Skip to main content


Reset A A Font size: Print

United States Supreme Court


No. 464

Argued: Decided: June 4, 1923

Mr. Walter T. Colquitt, of Atlanta, Ga., for plaintiffs in error.

Mr. Geo. P. Whitman, of Atlanta, Ga., for defendant in error.

Mr. Justice SUTHERLAND delivered the opinion of the Court.

The facts in this case and the contentions to be considered, with some exceptions presently to be stated, are essentially the same as those involved in Georgia Railway & Power Co. et al. v. Town of Decatur (No. 463) 262 U.S. 432 , 43 Sup. Ct. 613, 67 L. Ed. --, just decided. From their inception in the state courts the two cases [262 U.S. 441, 442]   have been considered together and in each of the three decisions referred to in the Decatur Case the state Supreme Court has disposed of them in a single opinion.

The contract here involved was made in 1905. It granted to the electric company the right to convert its single track within the limits of the municipality into a double track line of electric railway and provided:

    'That no greater fare than that of five cents for each passenger be charged for passage from the southern limits of said city of College Park to some central point in the city of Atlanta.'

The contract, however, unlike the Decatur one, contains no provision on the subject of transfers. Subsequently, by an act of the Legislature, the limits of College Park were extended so as to take in a portion of the College Park line theretofore outside the municipality. Upon the authority of the Decatur Case, we hold that the application of the five-cent fare to the annexed territory impairs the obligation of the contract. In addition to that, the order of the commission requiring the issuance of free transfers to College Park patrons, was erroneous.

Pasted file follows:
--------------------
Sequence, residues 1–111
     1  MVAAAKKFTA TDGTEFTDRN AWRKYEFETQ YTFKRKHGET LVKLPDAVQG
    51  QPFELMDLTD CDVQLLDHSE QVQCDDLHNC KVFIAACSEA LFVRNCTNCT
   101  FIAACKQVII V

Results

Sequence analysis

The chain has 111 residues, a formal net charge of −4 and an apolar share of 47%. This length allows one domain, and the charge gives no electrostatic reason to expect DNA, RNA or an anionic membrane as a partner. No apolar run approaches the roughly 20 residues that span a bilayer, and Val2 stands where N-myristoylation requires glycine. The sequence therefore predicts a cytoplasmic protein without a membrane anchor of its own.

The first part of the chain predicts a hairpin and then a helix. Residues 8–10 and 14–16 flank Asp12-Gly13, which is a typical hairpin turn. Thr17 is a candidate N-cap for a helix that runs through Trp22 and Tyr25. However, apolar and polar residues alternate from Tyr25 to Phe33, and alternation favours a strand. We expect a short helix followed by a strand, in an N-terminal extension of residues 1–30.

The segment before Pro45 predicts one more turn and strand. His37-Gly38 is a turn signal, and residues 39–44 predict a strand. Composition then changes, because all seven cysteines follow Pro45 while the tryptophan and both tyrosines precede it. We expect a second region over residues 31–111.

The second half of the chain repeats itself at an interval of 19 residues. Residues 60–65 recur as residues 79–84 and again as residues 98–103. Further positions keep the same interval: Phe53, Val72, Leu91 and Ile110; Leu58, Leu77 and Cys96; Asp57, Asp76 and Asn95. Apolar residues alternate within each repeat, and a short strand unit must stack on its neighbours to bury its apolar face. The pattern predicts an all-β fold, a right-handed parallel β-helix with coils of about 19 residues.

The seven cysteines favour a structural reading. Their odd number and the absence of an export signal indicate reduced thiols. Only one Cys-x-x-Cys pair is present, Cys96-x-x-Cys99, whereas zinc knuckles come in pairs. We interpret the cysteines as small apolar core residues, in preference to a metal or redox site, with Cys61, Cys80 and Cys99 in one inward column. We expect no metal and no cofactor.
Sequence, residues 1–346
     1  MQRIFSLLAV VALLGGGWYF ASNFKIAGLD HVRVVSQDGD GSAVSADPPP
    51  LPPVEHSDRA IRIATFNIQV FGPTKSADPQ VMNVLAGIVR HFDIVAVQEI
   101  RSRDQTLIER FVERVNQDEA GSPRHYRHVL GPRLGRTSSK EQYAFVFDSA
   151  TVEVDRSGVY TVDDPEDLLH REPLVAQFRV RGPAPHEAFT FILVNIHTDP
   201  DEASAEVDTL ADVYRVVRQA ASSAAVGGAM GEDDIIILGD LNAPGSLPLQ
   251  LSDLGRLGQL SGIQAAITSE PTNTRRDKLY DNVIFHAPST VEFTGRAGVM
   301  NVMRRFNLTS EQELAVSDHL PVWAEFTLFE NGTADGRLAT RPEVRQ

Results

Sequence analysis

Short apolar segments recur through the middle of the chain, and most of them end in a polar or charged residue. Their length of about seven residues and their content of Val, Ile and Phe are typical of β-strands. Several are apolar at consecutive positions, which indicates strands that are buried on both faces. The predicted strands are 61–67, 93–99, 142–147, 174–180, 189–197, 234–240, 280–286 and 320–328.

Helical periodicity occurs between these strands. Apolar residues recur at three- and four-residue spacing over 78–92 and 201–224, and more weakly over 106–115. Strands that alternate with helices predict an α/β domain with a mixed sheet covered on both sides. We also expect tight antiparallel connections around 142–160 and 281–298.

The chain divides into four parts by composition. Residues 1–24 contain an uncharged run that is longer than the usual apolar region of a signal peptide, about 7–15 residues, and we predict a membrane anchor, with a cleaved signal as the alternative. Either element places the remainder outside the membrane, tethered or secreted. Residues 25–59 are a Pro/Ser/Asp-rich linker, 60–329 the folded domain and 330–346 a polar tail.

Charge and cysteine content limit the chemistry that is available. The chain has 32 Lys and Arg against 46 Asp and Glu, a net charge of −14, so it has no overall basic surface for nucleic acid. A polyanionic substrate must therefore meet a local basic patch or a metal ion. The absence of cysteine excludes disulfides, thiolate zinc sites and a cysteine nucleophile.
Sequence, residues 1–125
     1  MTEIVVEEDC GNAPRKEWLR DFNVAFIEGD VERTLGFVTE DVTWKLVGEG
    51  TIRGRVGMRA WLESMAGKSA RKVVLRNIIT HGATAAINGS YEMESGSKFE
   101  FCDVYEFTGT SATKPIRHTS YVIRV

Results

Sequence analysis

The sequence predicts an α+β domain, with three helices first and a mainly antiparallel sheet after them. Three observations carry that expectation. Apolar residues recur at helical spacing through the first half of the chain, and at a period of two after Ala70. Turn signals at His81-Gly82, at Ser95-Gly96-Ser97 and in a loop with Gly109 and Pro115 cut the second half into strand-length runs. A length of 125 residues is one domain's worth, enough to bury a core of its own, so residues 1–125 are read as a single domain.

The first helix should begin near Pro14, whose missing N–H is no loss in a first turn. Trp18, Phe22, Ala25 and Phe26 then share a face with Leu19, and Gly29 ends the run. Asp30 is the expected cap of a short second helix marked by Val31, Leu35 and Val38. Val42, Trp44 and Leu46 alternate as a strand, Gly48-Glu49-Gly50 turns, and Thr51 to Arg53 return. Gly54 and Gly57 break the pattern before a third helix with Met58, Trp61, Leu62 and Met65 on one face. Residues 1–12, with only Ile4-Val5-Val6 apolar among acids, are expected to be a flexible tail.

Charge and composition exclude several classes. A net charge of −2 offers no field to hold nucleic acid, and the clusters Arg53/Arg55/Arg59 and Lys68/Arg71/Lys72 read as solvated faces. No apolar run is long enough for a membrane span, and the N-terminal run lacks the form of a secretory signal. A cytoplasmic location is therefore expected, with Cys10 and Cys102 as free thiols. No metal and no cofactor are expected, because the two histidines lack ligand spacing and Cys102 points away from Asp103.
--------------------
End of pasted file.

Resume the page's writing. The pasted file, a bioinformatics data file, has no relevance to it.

The state courts, in effect, construed the contract as obliging defendant to carry passengers in both directions between College Park and Atlanta at the stipulated rate, and with this construction we agree. It cannot be supposed to have been within the intention of the contracting parties that one rate of fare should be charged for passage in one direction and a different rate in the opposite direction, for the same distance, over the same line, under the same conditions and entailing the same service. Such a construction of the clause would subvert the plain purpose of the ordinance, which was to fix a five-cent fare between the two cities. We construe the phrase 'from ... College Park to ... Atlanta' as though it read 'between College Park and Atlanta.' See State v. Stone, 20 R. I. 269, 38 Atl. 654. This construction, moreover, [262 U.S. 441, 443]   agrees with the practice of the appellant, extending over many years in charging the same fare in each direction.

The decree of the state Supreme Court is reversed, and the cause r manded for further proceedings not inconsistent with this opinion.


Writ of certiorari denied.

Copied to clipboard